The swimming pool was the defining feature of the house where I grew up, at least from my perspective. It had a waterfall, with a hidden bench, that was magic to a child. We had daily chores cleaning it, so it was the center of life. One of our enormous St. Bernards jumped in on top of my brother, in a sweetly disastrous attempt to rescue him. My father wanted a black pool, finding the aesthetic far preferable, but my mother, rarely practical, claimed there'd be no way to know if we'd drowned. In fairness, I often slipped down the ladder at night, and swam by myself with the lights off. Two passages I've marked lately on the subject:
"August 1957, a villa in Cap-Ferrat. Elizabeth Taylor emerges from the swimming pool and approaches her movie-producer husband Mike Todd, who is holding a red leather box from Cartier. Inside: a ruby and diamond bib necklace that, as Taylor later recalled, 'glittered in the warm light,' along with matching earrings and bracelet, which she immediately slipped on. 'Since there was no mirror around, I had to look into the water. The jewelry was gorgeous, rippling red on blue like a painting. I put my arms around Mike's neck and pulled him into the pool after me. It was a perfect summer day and a day of perfect love.'"
–– Art + Auction, current issue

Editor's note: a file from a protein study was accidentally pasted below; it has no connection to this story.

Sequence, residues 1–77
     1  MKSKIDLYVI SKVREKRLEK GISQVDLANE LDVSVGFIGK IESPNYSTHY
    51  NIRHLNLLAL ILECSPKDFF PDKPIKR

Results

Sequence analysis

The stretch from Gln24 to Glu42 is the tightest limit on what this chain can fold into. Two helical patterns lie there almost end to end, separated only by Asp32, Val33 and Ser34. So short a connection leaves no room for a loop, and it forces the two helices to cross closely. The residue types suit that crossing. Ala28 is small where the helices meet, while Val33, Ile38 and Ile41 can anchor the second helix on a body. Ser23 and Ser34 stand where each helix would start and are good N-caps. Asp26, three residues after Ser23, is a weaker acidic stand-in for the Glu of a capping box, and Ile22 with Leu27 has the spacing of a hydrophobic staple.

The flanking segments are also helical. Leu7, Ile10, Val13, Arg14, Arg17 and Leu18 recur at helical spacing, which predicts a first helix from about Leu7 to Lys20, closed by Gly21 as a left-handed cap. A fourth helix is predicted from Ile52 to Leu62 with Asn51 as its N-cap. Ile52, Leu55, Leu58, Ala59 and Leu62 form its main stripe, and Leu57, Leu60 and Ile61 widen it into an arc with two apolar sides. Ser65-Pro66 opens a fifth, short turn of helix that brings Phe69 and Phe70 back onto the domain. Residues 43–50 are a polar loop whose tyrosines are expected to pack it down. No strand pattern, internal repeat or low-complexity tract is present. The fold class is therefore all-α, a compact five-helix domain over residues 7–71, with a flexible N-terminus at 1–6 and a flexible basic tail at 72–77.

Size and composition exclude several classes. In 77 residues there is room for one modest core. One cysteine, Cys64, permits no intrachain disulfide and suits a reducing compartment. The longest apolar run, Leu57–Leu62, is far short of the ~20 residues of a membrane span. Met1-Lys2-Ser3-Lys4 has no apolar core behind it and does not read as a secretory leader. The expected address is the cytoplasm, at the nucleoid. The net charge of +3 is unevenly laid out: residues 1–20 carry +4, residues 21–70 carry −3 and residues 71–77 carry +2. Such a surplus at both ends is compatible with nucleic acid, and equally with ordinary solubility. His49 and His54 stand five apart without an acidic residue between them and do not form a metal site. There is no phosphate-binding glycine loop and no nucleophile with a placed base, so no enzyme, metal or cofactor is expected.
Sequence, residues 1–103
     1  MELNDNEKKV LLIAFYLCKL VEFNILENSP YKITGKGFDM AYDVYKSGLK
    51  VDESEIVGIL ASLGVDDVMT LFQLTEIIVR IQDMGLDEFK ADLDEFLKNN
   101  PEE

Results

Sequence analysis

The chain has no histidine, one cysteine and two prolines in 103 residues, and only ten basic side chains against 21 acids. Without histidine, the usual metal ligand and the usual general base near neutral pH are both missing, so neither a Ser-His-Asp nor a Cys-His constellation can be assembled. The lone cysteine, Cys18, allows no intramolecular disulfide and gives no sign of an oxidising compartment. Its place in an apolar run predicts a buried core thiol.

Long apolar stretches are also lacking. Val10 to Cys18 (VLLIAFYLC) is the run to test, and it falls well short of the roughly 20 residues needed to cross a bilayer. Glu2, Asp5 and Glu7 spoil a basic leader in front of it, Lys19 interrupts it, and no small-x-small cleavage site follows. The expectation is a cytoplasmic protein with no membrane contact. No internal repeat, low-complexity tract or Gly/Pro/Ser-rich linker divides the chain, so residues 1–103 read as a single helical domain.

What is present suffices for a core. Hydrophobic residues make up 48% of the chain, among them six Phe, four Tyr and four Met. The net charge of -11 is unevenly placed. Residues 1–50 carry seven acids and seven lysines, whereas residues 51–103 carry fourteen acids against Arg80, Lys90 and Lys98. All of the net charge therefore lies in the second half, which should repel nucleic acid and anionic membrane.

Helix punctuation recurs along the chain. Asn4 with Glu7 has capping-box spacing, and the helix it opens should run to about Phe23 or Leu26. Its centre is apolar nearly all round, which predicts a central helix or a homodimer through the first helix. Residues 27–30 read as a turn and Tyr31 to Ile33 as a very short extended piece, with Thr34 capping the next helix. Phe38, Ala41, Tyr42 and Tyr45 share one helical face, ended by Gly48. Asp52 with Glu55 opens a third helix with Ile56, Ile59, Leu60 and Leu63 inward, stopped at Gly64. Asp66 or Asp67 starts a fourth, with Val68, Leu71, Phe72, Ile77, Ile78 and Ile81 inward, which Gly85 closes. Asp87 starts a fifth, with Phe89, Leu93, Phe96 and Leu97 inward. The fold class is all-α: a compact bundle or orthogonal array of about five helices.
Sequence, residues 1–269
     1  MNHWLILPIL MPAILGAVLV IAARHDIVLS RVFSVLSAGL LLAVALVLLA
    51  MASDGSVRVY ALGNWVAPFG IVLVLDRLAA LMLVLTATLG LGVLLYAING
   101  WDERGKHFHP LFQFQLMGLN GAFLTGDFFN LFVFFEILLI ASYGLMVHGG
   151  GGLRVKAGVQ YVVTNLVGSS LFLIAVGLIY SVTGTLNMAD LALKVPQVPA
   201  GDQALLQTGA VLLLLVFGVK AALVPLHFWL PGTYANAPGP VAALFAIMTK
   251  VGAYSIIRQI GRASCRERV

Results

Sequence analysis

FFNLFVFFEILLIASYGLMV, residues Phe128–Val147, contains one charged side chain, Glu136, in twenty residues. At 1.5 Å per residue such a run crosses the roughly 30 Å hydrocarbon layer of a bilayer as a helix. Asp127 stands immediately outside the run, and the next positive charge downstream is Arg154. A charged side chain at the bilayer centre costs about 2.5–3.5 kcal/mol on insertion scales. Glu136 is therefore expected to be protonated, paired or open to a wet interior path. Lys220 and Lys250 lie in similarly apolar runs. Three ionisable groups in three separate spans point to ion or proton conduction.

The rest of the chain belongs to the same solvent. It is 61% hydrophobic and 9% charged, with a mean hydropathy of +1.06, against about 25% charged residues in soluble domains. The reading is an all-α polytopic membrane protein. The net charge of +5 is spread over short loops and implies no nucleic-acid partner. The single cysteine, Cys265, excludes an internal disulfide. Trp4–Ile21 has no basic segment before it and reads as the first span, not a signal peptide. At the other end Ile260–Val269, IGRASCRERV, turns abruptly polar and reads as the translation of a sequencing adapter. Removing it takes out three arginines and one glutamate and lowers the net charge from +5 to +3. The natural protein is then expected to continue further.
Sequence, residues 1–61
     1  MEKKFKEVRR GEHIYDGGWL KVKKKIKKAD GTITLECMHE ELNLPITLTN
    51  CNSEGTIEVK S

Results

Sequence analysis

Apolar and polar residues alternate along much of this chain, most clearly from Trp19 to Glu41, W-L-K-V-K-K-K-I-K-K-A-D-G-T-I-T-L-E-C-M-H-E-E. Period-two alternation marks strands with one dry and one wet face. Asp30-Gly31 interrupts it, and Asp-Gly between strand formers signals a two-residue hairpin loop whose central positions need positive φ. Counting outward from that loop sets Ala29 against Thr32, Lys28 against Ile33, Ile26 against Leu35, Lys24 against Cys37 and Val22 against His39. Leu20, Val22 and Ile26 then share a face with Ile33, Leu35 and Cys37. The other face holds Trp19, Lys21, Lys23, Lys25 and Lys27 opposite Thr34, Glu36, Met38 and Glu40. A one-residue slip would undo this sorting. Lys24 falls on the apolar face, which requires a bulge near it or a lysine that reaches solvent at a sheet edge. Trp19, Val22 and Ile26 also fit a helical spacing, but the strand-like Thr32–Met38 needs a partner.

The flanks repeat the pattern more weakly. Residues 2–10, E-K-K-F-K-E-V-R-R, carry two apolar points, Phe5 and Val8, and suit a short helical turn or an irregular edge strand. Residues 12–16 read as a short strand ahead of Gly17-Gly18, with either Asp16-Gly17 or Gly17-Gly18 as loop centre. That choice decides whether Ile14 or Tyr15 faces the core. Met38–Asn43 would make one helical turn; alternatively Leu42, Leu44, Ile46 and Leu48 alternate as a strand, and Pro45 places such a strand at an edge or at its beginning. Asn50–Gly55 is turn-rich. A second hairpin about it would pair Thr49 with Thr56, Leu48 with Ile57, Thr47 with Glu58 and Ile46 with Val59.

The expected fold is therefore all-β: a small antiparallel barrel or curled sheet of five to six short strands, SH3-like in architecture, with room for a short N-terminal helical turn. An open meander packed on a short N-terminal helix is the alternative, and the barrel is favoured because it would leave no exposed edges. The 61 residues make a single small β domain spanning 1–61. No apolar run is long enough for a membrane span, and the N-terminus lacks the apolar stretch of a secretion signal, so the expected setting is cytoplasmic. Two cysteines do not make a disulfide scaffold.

"If there was one thing Alice knew, it was how to make a lasting impression. The first time Charles Marsh saw her, she was stark naked, a pale, shimmering goddess rising unexpectedly from the mists of his Austin swimming pool. Marsh was then in his midforties and still made his home in the Texas capital, where he was a prince of the city and one of the most powerful men in the state with his string of fifty newspapers and a fortune that included oil wells and large tracts of real estate. He lived in the proverbial big house on the hill, an immense Tudor mansion in the exclusive district of Enfield, which had a commanding view of town and boasted one of the first private swimming pools in the area. With Leona, his wife of twenty years, and their three children away for an extended stay at their summer home on Cape Cod, he had been feeling bored and lonely and on a whim had decided to throw a party and open his home to Austin's elite. At two a.m. after the last of his many guests had said good night, Marsh had wandered back outside to enjoy a cigar in the early morning cool when, as he later recounted the episode to Ingersoll, he was stopped in his tracks by the sight of a bold young girl emerging from the water, 'her long blond hair flowing among her fresh young breasts.' Alice was not yet twenty. Intelligent and ambitious, she had fled the small Texas town of Marlin, where her father was the bank president, for the excitement of the capital city. She was working as a secretary in the state legislature and already had a long line of suitors when she entered Marsh's life in the summer of 1931. The morning after the pool escapade, a smitten Marsh reportedly rolled over in bed and announced to Alice, 'You are not for Austin, Texas, little girl.'" ––The Irregulars